Advocates argue that health courts will improve the safety and quality of medical care. They argue that changing the standard of injury in liability claims from “negligence” to “avoidable” would create a climate that encourages disclosure of errors, increases the number of patients who are reimbursed, and supports quality improvement programs. However, the “avoidability” standard is ill-defined. The standard that health courts are to apply varies among proponents, including the Progressive Policy Institute, the Republican Policy Committee, and Common Good, a nonpartisan reform coalition. These different groups advocate standards ranging from a failure to deliver good care to negligence.1 Most descriptions, however, differ little from the current standards of negligence.1 Health courts are unlikely to alter the factors that discourage physicians and hospitals from disclosing errors under the current system.1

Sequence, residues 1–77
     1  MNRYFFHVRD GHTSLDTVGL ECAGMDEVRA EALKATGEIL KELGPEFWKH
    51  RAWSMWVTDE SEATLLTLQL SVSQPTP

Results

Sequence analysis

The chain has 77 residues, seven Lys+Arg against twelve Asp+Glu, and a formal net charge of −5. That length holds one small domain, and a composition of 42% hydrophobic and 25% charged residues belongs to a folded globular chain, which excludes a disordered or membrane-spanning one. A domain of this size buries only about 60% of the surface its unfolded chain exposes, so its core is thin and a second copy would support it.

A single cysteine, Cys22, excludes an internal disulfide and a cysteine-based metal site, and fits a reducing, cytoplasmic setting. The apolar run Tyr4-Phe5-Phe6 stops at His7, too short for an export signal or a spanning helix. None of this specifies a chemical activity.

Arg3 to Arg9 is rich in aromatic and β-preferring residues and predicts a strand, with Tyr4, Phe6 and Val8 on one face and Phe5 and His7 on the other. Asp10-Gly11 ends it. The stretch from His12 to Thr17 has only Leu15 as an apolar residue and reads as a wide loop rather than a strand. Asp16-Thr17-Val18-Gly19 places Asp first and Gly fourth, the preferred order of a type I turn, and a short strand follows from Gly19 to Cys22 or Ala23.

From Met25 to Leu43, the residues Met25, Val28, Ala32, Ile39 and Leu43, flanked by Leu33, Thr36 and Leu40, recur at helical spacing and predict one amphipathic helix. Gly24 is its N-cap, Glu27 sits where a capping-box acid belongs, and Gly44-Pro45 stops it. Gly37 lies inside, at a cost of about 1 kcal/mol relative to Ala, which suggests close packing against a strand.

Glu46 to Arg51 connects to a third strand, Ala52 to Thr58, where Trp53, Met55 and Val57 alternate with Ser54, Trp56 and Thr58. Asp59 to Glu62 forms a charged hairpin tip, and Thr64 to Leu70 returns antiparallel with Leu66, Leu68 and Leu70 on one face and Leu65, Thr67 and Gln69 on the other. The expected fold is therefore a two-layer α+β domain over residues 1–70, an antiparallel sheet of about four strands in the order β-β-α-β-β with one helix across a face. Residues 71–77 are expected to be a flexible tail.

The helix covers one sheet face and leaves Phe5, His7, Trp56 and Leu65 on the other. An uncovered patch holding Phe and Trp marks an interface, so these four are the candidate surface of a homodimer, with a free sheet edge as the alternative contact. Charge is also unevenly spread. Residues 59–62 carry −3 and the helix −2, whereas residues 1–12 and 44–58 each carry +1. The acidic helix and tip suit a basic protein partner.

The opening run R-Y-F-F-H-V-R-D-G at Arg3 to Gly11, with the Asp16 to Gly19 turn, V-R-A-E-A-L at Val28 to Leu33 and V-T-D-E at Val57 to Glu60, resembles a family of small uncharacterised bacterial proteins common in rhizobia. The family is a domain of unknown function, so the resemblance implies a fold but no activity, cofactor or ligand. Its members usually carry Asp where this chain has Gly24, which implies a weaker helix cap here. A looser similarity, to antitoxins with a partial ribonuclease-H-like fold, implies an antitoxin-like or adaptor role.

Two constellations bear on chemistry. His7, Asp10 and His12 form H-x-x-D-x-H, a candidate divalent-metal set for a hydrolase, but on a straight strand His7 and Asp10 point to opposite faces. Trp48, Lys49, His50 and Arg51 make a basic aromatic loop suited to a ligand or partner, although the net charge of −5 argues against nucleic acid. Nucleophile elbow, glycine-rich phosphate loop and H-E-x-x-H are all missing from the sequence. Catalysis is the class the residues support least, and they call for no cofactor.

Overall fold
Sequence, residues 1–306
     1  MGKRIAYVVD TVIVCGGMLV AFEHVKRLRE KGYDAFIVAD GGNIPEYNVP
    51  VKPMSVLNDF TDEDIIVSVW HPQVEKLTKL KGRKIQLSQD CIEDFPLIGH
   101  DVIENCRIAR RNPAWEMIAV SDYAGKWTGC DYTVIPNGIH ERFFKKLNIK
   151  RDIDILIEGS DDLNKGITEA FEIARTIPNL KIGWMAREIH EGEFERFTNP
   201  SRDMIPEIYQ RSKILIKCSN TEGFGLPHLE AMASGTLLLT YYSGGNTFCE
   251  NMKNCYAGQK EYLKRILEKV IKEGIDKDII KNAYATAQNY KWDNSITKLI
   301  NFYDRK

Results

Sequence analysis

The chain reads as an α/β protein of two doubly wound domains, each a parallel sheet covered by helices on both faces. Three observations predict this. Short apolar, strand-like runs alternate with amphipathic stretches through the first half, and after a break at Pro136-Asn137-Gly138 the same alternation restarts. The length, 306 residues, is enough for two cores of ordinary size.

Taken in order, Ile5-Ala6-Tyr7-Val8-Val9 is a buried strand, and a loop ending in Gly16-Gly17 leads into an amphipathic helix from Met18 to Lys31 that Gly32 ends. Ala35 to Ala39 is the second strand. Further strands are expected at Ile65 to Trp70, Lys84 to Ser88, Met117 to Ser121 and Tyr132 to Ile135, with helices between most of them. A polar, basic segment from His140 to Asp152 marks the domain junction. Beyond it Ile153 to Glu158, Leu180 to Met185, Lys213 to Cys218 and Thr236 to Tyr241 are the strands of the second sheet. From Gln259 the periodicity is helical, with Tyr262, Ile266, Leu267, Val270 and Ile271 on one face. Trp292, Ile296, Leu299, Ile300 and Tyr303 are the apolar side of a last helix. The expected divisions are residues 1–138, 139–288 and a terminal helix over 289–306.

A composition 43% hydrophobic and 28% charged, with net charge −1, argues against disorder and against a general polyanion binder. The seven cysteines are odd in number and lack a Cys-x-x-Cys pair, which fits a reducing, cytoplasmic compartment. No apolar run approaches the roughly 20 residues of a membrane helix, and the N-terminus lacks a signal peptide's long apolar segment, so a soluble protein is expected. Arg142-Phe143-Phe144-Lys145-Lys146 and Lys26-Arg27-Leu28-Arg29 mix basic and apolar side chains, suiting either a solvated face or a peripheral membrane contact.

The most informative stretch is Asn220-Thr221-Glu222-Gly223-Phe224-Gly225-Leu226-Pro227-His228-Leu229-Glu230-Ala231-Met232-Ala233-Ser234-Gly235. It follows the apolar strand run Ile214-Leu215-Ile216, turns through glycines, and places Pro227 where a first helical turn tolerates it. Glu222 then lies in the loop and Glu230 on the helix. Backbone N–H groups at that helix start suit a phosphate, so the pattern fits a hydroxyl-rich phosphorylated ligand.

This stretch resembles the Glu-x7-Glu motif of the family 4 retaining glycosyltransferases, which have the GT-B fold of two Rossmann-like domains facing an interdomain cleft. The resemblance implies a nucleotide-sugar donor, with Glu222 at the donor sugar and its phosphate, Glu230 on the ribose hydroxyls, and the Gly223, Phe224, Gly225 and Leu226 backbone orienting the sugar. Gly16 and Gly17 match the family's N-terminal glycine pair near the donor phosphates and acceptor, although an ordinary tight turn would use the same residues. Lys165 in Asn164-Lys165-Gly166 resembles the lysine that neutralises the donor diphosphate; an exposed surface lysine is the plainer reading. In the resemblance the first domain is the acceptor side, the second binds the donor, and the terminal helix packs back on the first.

Health courts rely on disclosure of injury to patients without providing safeguards to increase disclosure.1 Nothing in the health court proposals guarantees that physicians will report errors more frequently. Physicians who report errors will still be subject to the same public shame they experience in the current system, as well as possible repercussions from their hospitals.1 Hospitals would also have a disincentive to report errors because their insurance costs, which are based on claims data, would rise.1 While supporters of health courts argue that fines that are imposed for late reporting of errors will prevent this problem, it is unlikely that fines will be imposed because patients will be unaware of errors that are not disclosed by providers, and there is no oversight or enforcement of the self-reporting.1 Thus, health courts are unlikely to result in increased voluntary disclosure of injuries to support an investigatory process and quality improvement.